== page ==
I usually don’t use my blog to share my life’s woes, but this blog piece is going to be an exception. I know complaining about your problems, especially in the online universe doesn’t lead to anything, at least in my case, but the fueling of glee that my opponents feel when they think I’m down.

 I always believed and still to, to a certain extent, that every life experience is a life lesson. So please indulge me and allow me to share with you the life lessons I learned this past couple of weeks.

The lessons began a week ago Sunday where a guest, who also happened to be a friend, took exception to a question asked. (Don’t go checking the archives, the whole exchange has been clipped out)

I’ve been in the radio business an awful long time, over a quarter of my life, I’ve had the cruelest and most profane thing said to me and I brushed it off as risks of the trade. But here was more than a guest, it was a trusted friend.

The guest took exception to the fact that I mentioned pornography during a discussion on teen dating, while  teens who were minors, were in the room.  He felt that it was inappropriate to bring up sex in the presence of underage children.  I agree wholeheartedly, but in context, in my opinion, the question made sense.

The question was “do people sometimes replace relationships with pornography?” In my opinion, the answer could have been as generic as the question, there was no illusion of sex or masturbation or any other industry associated with porn. It was a simple relationship question that could have been answered with a yes or no answer.

The guest, instead, refused to answer the question and then for a period after the show berated me expressing sentiments that alluded that perhaps I had an ulterior unethical and potentially illegal interest in my young charges. A preposterous, revolting and insulting suggestion to say the least.

Lesson learned, sometimes a friendship means more to you than it does someone else.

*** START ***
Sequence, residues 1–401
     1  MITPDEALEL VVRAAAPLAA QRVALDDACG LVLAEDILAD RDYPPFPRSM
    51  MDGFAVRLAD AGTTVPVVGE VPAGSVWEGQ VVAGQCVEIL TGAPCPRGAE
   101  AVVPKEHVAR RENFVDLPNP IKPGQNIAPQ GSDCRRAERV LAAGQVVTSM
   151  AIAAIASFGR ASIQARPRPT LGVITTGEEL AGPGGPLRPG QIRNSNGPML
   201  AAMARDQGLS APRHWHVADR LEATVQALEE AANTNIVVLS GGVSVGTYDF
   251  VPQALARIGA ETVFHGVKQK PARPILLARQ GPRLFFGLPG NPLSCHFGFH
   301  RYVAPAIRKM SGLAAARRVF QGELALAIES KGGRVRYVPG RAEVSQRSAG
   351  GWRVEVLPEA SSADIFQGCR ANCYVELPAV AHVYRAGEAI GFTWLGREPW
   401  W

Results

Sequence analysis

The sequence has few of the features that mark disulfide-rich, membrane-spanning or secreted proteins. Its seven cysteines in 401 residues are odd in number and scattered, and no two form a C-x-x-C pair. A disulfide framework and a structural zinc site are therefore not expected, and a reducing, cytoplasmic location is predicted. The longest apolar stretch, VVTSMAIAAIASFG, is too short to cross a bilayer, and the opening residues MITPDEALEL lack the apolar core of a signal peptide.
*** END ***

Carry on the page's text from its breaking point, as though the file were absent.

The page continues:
A few days later, another phone call rattled my cage. It was a contact I have at Federation who called to tell me that there was a special meeting held to discuss how to silence me on Radio Shalom. Apparently the big wigs at the Fed are upset that I keep taking shots at them and their secularism policy on my radio show.

I was told that the discussion centered around how I am out of touch with the times and how my pushing traditional Jewish values is hurting the community rather than helping it. The conclusion of the meeting was that a delegation of representatives would try to “convince” me that my thought process was wrong. My contact did not know how this “convincing” was going to take place.

After hearing this story, my mind went immediately to the scene in the movie Goodfellas where the mafia Godfathers were having a meeting with their underlings.  In a district where drug sales were down the rep was trying to explain things when from behind bang, knocked out and killed with a baseball bat. Don’t cross the mob was the lesson being taught.

I can’t wait to see their next move.

Then over the weekend I was taken to task over my opinions on the Max Stark case. Max Stark was a New York slumlord who was found beaten and burned to death in a dumpster a few weeks ago. Normally most people would say, so what? In this case, however, Mr. Stark was a Satmar Chassid and the New York Post ran a front page story with his picture and the caption (which quoted a law enforcement agent)  “Who didn’t want him dead”.